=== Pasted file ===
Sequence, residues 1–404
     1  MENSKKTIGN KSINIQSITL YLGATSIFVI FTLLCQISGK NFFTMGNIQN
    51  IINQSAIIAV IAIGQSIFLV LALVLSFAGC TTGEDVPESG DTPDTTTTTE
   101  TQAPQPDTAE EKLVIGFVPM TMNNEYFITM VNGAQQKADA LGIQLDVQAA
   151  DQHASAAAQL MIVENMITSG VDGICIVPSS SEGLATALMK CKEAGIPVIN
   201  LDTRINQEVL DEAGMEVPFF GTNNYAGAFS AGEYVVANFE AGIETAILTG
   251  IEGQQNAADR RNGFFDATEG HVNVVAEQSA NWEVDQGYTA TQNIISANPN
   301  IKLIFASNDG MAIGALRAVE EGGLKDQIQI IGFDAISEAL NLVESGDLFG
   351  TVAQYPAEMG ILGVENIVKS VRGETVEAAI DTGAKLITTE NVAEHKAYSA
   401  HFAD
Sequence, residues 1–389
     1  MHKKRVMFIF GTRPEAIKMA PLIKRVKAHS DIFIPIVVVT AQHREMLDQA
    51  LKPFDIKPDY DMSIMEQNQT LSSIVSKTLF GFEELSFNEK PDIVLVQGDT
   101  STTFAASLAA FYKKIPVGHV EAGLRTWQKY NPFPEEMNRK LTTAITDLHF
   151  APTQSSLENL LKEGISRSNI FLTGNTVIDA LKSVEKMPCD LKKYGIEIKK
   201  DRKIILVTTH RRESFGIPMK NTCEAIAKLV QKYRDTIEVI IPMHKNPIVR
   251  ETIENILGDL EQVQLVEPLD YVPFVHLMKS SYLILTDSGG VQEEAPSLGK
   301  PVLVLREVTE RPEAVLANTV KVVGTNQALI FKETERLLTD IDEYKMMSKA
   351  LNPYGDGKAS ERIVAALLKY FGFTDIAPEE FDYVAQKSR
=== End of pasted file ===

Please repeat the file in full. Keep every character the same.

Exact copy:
Sequence, residues 1–404
     1  MENSKKTIGN KSINIQSITL YLGATSIFVI FTLLCQISGK NFFTMGNIQN
    51  IINQSAIIAV IAIGQSIFLV LALVLSFAGC TTGEDVPESG DTPDTTTTTE
   101  TQAPQPDTAE EKLVIGFVPM TMNNEYFITM VNGAQQKADA LGIQLDVQAA
   151  DQHASAAAQL MIVENMITSG VDGICIVPSS SEGLATALMK CKEAGIPVIN
   201  LDTRINQEVL DEAGMEVPFF GTNNYAGAFS AGEYVVANFE AGIETAILTG
   251  IEGQQNAADR RNGFFDATEG HVNVVAEQSA NWEVDQGYTA TQNIISANPN
   301  IKLIFASNDG MAIGALRAVE EGGLKDQIQI IGFDAISEAL NLVESGDLFG
   351  TVAQYPAEMG ILGVENIVKS VRGETVEAAI DTGAKLITTE NVAEHKAYSA
   401  HFAD
Sequence, residues 1–389
     1  MHKKRVMFIF GTRPEAIKMA PLIKRVKAHS DIFIPIVVVT AQHREMLDQA
    51  LKPFDIKPDY DMSIMEQNQT LSSIVSKTLF GFEELSFNEK PDIVLVQGDT
   101  STTFAASLAA FYKKIPVGHV EAGLRTWQKY NPFPEEMNRK LTTAITDLHF
   151  APTQSSLENL LKEGISRSNI FLTGNTVIDA LKSVEKMPCD LKKYGIEIKK
   201  DRKIILVTTH RRESFGIPMK NTCEAIAKLV QKYRDTIEVI IPMHKNPIVR
   251  ETIENILGDL EQVQLVEPLD YVPFVHLMKS SYLILTDSGG VQEEAPSLGK
   301  PVLVLREVTE RPEAVLANTV KVVGTNQALI FKETERLLTD IDEYKMMSKA
   351  LNPYGDGKAS ERIVAALLKY FGFTDIAPEE FDYVAQKSR